As part of the RPS California mandated that all power utilities in California offer some form of rebate, though the terms and rates of rebates vary slightly from utility to utility. For customers of California’s three major utilities, Pacific Gas & Electric, Southern California Edison and San Diego Gas & Electric, the rebate started at $2.50 per installed watt. It is significantly less at all of them now. As of September 2012 it’s between 20 and 35 cents per installed watt. You can check to see what your rebate should be at: CSI EPBB Calculator. There you can also check what your anticipated net-metering rate (performance-based incentive or PBI) will be for a system.

Getting the rebate for a photovoltaic system involves taking a few preliminary steps. First, you need an energy efficiency audit of your home in order to maximize the efficiency of what you already have. Second, find a solar installer registered with the California Energy Commission. They should apply for the incentive on your behalf. After the state informs you of approval you have a year to install or have the system installed. When that’s done, send in the paperwork and wait for the rebate to arrive.

Residential customers can also opt for the PBI, meaning you’ll get a monthly payment for five years based on how much power your system is actually generating. If you opt for the lump-sum rebate you can recoup up-front costs quicker, but you will not be paid the extra PBI incentive over the first five years.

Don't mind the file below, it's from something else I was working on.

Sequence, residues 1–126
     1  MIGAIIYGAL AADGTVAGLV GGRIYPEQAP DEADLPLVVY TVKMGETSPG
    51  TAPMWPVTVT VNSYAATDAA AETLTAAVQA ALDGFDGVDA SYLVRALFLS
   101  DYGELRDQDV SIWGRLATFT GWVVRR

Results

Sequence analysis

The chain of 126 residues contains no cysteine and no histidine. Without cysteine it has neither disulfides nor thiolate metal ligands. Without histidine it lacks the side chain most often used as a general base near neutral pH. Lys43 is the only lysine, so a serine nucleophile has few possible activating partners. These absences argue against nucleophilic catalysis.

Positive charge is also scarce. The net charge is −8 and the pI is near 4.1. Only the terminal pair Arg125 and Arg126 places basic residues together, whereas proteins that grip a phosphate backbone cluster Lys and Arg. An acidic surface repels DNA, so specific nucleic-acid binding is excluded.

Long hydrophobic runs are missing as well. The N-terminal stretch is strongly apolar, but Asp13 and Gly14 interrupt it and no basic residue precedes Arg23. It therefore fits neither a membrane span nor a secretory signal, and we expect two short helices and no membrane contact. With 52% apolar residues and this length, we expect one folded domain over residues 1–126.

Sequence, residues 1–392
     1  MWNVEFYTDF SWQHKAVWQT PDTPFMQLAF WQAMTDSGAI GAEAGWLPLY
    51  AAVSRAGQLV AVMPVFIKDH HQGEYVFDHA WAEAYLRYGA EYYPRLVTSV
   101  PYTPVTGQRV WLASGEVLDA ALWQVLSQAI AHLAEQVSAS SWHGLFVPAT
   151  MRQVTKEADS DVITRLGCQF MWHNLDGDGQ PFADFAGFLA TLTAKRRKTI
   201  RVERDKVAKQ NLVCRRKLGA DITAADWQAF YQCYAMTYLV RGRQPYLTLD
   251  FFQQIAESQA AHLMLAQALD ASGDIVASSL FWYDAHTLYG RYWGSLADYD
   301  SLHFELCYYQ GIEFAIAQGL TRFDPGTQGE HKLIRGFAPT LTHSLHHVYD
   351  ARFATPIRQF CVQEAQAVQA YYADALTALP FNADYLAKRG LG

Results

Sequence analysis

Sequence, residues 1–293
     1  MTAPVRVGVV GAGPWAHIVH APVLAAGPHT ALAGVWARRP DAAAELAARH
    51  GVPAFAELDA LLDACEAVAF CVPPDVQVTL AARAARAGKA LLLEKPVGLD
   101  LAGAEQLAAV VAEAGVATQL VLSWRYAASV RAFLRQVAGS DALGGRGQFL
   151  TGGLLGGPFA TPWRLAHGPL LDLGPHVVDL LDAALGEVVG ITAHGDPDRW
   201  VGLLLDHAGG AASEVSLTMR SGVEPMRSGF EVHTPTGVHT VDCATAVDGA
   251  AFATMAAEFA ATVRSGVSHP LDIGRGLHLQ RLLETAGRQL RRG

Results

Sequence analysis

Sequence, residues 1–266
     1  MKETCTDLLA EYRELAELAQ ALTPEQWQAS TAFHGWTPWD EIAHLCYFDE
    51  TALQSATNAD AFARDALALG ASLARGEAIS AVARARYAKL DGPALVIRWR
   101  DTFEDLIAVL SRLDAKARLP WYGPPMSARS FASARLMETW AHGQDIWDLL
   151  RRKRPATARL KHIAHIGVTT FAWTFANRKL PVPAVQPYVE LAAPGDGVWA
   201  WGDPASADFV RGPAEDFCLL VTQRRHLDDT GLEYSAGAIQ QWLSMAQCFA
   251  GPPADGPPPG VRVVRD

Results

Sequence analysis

California also offers rebates for solar water heaters. A single-family home solar hot water heater that displaces a natural-gas-powered water heater, can receive a rebate of up to $1,875, one that displaces and electric water heater can receive up to $1,250. Solar hot water heaters can reduce water heating costs by 75 percent or more.

California Property Tax Exclusion for Solar Energy Systems

Program Type Property tax exemption
Technologies Solar water heat, solar space heat, solar thermal electric, photovoltaics, solar mechanical energy
Amount 100 percent of the value of the equipment, 75 percent of the value of secondary equipment
Required Documentation Receipt of purchase
Official Web Site


Under the California tax code, the state does not consider solar-energy-generating equipment to add value to a piece of property. What that means is that, if you install such equipment on your property, you won’t get taxed for the value it adds.

Only “active” solar systems can qualify, which the state defines as “solar devices, which are thermally isolated from living space or any other area where the energy is used, to provide for the collection, storage, or distribution of solar energy.” That definition will cover most solar systems, including photovoltaics, hot-water heaters, solar heating and cooling and others. Also covered under the exclusion are related storage devices, power conditioning equipment, transfer equipment, and parts. However, solar pool or hot-tub heaters do not qualify. Auxiliary equipment that makes the system work, like ducts or pipes (also called “dual-use” equipment), can be exempted from property tax at a rate of 75 percent of its value. The exemption applies to both existing properties and new properties, as long as the seller has not already claimed the exemption.